Continuing the trend of context-critical searches, the acceleration of image, sound and video recognition is driving a new kind of multimedia search behaviour. As well as conventional queries, often focused around the “how” for video, users are starting to demand more information from their audio-visual data. Shopping based on appearance is set to be enormous as users can find and purchase items based on something they have seen. The “Internet of Things” is connecting devices beyond conventional computers and smartphones, leading to “smart homes” and other locations, opening up still more channel opportunities – and risks – for the brand wanting to be found by the user.
Google is leading the charge in this space at the moment, offering new opportunities for app creators to give access to the search crawler so it can add even more to its copious stores of potential results. Those who think apps have no future clearly aren’t paying attention, because the personal touch and ability of search engines to interface with formerly standalone applications is only going to get bigger. As well as returning websites, search engines like Google are now able to talk to apps and offer results based on what a user already has installed or what is available to install that might suit their needs. This then ties into other technologies to provide a fully integrated, personalised experience to allow users to ask highly specific questions of their devices and receive accurate, up-to-the-moment answers. Don’t write apps out of your brand’s future – ask where they will feature, not if.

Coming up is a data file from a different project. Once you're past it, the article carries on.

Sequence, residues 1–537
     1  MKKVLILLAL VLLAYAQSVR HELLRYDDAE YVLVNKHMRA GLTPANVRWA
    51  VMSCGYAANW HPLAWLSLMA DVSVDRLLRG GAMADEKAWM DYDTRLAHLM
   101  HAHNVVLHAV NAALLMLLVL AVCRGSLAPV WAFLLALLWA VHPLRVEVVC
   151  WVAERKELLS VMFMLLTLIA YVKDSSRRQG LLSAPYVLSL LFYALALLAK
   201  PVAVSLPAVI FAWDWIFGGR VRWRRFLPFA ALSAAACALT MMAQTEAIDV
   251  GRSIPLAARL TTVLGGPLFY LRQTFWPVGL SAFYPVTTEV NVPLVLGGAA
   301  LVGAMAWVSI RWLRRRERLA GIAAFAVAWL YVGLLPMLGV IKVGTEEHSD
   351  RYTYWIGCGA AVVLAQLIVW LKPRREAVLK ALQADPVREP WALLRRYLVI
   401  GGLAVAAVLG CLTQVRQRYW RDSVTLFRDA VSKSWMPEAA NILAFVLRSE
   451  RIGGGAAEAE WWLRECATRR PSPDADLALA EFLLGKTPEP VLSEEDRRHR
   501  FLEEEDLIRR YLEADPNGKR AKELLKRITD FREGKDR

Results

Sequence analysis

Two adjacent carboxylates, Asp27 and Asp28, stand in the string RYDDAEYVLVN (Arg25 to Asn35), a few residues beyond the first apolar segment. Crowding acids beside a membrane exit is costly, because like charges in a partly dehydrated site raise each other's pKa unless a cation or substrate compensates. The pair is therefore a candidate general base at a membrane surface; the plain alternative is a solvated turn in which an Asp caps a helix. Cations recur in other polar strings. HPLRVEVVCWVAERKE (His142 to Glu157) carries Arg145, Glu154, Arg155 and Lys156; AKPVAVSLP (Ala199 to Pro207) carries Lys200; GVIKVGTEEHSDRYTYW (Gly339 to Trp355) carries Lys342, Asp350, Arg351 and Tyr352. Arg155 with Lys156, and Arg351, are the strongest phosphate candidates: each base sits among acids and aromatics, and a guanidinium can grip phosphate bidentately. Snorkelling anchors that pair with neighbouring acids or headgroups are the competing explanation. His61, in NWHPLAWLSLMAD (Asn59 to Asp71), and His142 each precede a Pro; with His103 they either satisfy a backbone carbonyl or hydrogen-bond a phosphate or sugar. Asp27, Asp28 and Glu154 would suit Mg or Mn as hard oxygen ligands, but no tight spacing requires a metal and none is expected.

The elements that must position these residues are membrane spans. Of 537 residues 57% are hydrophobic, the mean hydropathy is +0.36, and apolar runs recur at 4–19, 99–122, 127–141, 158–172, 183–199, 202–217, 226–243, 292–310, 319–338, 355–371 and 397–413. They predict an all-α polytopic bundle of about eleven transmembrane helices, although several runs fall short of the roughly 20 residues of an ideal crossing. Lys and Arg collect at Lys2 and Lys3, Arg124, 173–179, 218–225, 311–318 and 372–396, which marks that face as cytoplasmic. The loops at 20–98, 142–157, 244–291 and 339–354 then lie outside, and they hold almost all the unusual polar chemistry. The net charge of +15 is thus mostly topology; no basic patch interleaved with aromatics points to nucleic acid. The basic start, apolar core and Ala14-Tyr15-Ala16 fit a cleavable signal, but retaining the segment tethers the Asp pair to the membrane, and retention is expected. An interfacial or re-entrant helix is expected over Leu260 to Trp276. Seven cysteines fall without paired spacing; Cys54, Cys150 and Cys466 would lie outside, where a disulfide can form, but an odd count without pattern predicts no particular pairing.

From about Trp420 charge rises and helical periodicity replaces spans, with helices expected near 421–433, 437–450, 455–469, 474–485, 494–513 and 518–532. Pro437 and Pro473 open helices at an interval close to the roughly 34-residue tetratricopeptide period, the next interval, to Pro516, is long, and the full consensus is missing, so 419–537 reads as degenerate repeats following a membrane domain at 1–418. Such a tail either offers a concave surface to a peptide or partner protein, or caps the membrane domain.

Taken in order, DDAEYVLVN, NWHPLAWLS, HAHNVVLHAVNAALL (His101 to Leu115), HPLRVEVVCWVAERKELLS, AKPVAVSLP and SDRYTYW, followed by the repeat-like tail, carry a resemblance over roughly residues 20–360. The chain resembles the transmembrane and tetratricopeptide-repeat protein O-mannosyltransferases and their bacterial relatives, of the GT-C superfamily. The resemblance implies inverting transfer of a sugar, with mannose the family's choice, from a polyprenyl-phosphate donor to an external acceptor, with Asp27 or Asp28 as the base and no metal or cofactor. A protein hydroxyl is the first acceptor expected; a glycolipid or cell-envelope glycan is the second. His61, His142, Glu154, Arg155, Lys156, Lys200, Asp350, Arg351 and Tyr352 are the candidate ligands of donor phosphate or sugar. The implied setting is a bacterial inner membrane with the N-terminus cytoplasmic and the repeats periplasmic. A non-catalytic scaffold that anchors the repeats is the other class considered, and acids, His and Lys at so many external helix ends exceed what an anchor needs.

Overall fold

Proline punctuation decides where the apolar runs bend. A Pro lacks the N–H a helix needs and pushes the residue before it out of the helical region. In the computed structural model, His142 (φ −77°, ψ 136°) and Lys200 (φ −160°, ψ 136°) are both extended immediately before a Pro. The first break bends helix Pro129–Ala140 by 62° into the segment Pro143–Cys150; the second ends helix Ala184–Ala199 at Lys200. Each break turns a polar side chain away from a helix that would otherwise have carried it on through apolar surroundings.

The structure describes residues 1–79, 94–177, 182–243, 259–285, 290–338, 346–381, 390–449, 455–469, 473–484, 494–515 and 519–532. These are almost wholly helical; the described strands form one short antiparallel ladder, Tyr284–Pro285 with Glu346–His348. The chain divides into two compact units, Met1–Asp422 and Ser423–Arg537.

Generally the focus of the short-term thinker, transactional search based around a user wanting to complete an action the business would count as a conversion is undergoing a rapid transformation thanks to the rise of digital assistants like Cortana and Siri. Solution-based searching is still on the rise, but so is the requirement for searching to be done by digital users on behalf of humans, and more critically the need for those digital users to easily undertake transactions is starting to emerge. As well as websites and applications offering a beautiful and rapid human UX, having the right technical markup and architecture to provide the same experience seamlessly to a digital persona acting on behalf of a human counterpart is going to take off in a big way. These are the PAs of the future, and if they can’t fulfil their mission through your site or engine they won’t call customer service for help – they’ll just go somewhere else.
How do you think search and user behaviour are shaping – and being shaped by – new technological and societal developments? Pop your ideas in the comments below or tweet to @4PsMarketing – we want to hear your ideas!
4Ps isn’t just another London SEO agency. To discuss how SEO, PR and paid advertising are evolving together in order to keep pace with new developments in user interaction and brand needs, give us a call on +44 (0)207 607 5650 for a no-obligation coffee and chat about data, marketing and user behaviour across all inbound channels.